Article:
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Wed, Oct 04, 2006

Bizjet Grounded After Alleged Erratic Flight

Could Pilot Have Descended Over 33,000 Feet In Two Minutes?

It is probably every pilot's worst non-flying fear to be told to call the tower after landing. Shortly after midnight Monday, that's what happened to Steven Tursey, when he landed his boss's Gulfstream II at Orange County Airport in upstate New York.

New York state troopers and sheriff's deputies swarmed the aircraft immediately after it shut down, and ordered Tursey to contact the FAA and turn over the keys to the plane.

The FAA has grounded the business jet because of what officials say was an erratic flight from Texas, according to the Times Herald Record.

The FAA originally thought the 19-seat aircraft violated the Washington, DC ADIZ (aircraft defense identification zone), but has since discovered the plane was nowhere near the nation's capital.

But authorities are now questioning the 23-year-old pilot about his flight path showing him dropping from 39,000 feet down to 5,500 feet in a span of two minutes. 

Pilots will note that if this were true, the VSI (vertical speed indicator) would have shown a descent rate of over 16,000 feet per minute.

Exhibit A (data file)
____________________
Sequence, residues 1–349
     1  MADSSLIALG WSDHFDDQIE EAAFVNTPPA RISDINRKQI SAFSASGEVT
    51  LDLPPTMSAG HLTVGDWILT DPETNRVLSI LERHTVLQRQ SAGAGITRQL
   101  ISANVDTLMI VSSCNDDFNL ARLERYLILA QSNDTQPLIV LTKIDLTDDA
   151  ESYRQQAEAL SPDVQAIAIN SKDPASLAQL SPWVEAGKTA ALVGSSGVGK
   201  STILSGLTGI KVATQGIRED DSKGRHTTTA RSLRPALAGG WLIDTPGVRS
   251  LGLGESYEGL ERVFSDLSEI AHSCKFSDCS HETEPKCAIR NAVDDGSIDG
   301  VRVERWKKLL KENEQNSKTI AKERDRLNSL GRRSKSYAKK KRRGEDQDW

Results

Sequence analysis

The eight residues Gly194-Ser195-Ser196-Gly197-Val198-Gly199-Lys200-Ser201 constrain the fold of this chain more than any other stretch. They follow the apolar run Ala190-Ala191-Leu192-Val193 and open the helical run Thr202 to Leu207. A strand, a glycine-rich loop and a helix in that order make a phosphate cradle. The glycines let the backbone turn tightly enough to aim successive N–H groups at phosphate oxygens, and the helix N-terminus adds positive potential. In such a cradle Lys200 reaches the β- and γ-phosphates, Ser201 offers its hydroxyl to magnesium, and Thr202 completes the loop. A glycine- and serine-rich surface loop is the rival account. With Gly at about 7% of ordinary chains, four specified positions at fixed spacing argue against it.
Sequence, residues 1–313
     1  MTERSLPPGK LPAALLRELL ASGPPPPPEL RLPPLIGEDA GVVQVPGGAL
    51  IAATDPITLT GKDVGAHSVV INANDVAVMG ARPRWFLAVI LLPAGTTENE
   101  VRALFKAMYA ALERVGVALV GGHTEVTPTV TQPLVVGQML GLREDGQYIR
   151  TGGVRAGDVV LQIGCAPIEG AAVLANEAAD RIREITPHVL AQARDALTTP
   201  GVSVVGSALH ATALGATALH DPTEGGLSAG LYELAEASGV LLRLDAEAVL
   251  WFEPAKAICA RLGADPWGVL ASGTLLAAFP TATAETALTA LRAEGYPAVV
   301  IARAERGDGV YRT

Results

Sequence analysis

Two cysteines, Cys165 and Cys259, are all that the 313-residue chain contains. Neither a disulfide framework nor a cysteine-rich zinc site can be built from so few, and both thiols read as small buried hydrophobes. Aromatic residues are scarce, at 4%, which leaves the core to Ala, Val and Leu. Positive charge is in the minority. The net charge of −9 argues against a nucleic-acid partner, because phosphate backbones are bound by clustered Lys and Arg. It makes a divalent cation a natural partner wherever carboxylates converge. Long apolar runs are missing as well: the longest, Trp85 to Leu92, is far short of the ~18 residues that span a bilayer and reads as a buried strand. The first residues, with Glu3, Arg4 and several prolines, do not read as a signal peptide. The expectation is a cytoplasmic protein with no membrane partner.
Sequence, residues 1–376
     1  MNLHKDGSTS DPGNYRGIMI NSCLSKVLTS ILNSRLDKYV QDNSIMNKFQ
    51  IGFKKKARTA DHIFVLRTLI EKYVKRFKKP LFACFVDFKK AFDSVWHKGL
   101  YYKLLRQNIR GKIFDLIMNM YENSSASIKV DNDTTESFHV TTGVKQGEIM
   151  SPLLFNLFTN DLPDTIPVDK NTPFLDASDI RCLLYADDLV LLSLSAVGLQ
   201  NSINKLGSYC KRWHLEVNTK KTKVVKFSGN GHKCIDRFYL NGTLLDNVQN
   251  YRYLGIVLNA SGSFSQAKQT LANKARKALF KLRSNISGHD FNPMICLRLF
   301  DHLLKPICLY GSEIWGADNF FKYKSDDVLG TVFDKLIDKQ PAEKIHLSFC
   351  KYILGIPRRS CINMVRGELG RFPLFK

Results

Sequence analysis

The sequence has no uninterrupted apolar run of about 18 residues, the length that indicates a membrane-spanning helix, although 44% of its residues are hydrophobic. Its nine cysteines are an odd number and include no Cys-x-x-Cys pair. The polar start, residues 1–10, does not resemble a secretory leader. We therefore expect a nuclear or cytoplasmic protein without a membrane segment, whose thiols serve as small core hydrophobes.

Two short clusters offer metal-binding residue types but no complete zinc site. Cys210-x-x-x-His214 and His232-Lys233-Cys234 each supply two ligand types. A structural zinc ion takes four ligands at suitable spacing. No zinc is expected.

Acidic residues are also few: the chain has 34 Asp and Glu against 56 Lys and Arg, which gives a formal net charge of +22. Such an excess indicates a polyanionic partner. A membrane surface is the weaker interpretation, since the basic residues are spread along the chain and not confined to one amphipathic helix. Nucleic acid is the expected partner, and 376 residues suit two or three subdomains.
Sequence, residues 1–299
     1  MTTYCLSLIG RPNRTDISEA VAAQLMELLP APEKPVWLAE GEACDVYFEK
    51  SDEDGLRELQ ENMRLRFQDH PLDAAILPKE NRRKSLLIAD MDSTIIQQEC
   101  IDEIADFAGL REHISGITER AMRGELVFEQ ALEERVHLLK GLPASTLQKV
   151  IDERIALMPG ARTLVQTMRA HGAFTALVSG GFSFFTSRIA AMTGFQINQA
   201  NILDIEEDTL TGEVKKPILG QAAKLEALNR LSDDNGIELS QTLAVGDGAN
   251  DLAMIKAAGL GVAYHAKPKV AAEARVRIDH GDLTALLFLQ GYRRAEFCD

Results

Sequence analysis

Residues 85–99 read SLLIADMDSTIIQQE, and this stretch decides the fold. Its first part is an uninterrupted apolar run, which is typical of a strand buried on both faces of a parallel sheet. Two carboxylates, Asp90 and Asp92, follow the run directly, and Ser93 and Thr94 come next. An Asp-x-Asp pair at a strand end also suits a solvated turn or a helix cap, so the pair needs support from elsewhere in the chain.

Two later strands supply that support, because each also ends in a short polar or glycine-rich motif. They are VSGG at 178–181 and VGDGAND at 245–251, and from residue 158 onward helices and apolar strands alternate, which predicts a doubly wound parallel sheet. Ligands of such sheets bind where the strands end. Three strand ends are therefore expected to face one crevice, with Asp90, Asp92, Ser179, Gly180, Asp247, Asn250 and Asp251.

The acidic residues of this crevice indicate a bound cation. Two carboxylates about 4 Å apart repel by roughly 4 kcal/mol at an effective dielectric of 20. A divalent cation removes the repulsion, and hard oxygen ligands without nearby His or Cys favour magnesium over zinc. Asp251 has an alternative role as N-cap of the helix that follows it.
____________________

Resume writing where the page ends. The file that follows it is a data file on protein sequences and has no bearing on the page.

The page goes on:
The plane's owner, construction tycoon Vincent Oppedisano -- who was also a passenger on the plane during the incident flight -- said it was ridiculous to think his airplane performed this fairly amazing maneuver. He claims that it is merely a computer error, reflected on the flight tracking website, that showed his plane rapidly descending.

"If you drop 200 feet in an airplane, you feel that," Oppedisano told The Record. "Imagine dropping 39,000, to (an altitude of) 5,500 feet."

The FAA is trying to unravel this mystery... but until it does, Oppedisano's private jet is staying firmly on the ground.

FMI: Orange County Airport, NY 


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